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Peeking inside machines that translate between languages

Major tech companies and academic institutions around the world are competing to develop artificial intelligence that is the most accurate at translating one language to another. Because of the way machine learning works, the approaches and the results are often unexpected. In its essence, all the systems developed are similar. A neural network is “trained” to translate from one language to another, by providing it with pairs of translations – that is an original work, and the same work translated by a human. The neural network, which is a digital simulation of the structures in the brain, then learns to associate words and sentence constructions between the two languages. The more material that a neural network is fed, the more accurate the translation is. When the neural network is then given with a sentence in one language, the output is the translation in another language.

Zero Shot Translation

Google Translate is perhaps the most used machine translation tool, thanks to how closely it is integrated with the search engine and the Android OS. Over 130 languages are supported by Google translate. In 2016, Google moved to a new system called Google Neural Machine Translation (GNMT). Now, the system initially had “pairs” of language in which it is trained. If the system is trained to translate between English and Japanese, that is one pair. Korean and English is another pair. Now, the system is not explicitly trained to translate between Korean and Japanese. This is a capability that Google engineers needed if they wanted to quickly support all the 130 languages in GNMT, without having to laboriously train every possible language pair combination. In a first of its kind demonstration of “transfer learning”, the engineers managed to translate directly from Japanese to Korean, even though the machine had not been trained for that task. This is referred to as “zero shot translation”.

The Google engineers peeked into the brain of the machine, to understand how exactly the translation was occurring. A three-dimensional map of the internal network data was used for this purpose. In the overall map, the sentences with the same meanings in all the three languages are grouped by the same colour. The cluster of red dots is visualised in three colours, according to the language. The cluster shows that the neural network is encoding the meaning of the sentences, rather than simply translating the sentence word for word. The cluster of red dots is evidence that the neural network has developed an “interlingua”, an internal language that only the machine can understand, which it uses to translate between other languages.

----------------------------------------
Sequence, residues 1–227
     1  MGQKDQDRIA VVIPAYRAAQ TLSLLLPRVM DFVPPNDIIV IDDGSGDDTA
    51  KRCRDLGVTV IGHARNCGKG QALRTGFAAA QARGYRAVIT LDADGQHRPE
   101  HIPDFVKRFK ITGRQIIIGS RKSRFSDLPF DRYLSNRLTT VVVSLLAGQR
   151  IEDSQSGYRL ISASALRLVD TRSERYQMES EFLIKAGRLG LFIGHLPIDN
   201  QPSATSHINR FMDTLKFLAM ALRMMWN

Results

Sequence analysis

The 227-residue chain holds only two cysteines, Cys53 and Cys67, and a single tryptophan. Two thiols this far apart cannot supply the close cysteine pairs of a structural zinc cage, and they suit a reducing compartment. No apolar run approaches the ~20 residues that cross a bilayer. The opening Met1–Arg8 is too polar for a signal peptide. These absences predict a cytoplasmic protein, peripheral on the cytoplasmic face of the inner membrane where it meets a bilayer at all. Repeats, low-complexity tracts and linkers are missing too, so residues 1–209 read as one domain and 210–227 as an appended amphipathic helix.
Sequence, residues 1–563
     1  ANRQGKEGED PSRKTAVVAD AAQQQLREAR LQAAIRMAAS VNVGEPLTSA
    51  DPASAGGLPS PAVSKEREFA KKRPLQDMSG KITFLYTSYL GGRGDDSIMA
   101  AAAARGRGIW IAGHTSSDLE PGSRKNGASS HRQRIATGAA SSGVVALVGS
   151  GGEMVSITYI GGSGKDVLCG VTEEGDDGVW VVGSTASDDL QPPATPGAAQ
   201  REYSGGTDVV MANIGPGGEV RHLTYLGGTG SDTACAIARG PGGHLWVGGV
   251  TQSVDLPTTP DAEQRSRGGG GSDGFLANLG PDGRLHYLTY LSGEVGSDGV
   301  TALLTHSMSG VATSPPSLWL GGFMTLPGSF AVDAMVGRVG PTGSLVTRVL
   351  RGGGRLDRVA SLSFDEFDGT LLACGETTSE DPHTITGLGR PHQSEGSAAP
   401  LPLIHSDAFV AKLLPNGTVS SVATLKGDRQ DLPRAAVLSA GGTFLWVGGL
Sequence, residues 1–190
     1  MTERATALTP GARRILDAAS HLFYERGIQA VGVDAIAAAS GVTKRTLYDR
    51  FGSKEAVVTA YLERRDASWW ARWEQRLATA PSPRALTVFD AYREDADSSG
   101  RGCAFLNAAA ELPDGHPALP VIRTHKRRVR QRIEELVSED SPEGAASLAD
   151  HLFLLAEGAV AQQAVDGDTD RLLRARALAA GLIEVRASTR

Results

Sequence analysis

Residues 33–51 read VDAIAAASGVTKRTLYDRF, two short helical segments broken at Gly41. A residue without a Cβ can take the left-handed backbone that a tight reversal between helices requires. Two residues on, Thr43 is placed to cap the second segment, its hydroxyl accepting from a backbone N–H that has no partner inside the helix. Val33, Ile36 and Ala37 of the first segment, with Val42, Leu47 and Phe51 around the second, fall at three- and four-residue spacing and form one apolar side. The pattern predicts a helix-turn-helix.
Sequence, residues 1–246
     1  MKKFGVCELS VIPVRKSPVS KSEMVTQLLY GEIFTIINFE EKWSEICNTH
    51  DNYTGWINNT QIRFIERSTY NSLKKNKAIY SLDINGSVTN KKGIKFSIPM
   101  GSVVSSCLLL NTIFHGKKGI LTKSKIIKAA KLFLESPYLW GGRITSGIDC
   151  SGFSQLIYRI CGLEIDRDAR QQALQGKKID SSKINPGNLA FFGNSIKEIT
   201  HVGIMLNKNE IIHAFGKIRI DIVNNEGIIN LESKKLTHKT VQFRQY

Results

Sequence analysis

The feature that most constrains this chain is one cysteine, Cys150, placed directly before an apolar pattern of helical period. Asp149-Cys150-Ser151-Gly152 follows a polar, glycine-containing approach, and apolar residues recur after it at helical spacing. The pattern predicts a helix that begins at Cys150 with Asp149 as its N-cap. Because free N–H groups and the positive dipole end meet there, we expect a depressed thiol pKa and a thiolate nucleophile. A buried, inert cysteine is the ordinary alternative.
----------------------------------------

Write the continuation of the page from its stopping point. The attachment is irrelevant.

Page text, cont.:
Universal Lexical Representation

One of the problems with training the models for machine translation is the amount of resources available for the training. For any given language pair, it is easy to find a lot of material for the way the language is written. Legal or political documents and news reports that are translated by humans are some resources that are easily available in both languages. When it comes to the way language is spoken, or for informal text conversations, such “parallel” resources are more difficult to come by. As mentioned before, the more material a neural network has to learn from, the more accurate it gets at its task. There are over 7,000 languages in the world, and most of them simply do not have enough resources to train a neural network for machine translation. These low resource languages may have very few parallel sentences when paired with another language, but have plenty of monolingual data. Microsoft researchers came up with an innovative way to use the available data and make accurate language translation models.

Microsoft tackled this problem by using what is called a “universal lexical representation”. This approach involves taking a bunch of languages and projecting the meanings of the words onto a shared space. Dictionaries or the small amount of parallel data available is used for the operation. In this example, parallel data from Spanish (ES), French (FR), Italian (IT) and Portuguese (PT) were used to project on a shared English representation, in an effort to translate Romanian (RO), which had sparse amounts of parallel data.

Now, the system can “guess” the meanings of entirely novel words, which it has not been trained to recognise. It does this by finding similar representations from the shared space and weighing the options. For example, “toamna”, the Romanian word for “autumn”, is weighted closer to “autumn”, than say, “spring”. The system is smart enough to switch between different modes according to the demands of the situation when identifying novel words. This may involve picking languages from the same language group, or picking up from languages that have geographic overlap. The approach is particularly useful for translating Indic languages, which are considered low resource languages.